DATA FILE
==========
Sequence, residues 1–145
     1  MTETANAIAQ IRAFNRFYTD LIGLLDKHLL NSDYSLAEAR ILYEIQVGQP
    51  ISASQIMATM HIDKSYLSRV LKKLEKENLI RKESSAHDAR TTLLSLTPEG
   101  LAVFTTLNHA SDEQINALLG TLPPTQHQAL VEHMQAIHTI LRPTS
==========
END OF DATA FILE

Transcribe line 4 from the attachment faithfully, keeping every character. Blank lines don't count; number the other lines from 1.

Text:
   101  LAVFTTLNHA SDEQINALLG TLPPTQHQAL VEHMQAIHTI LRPTS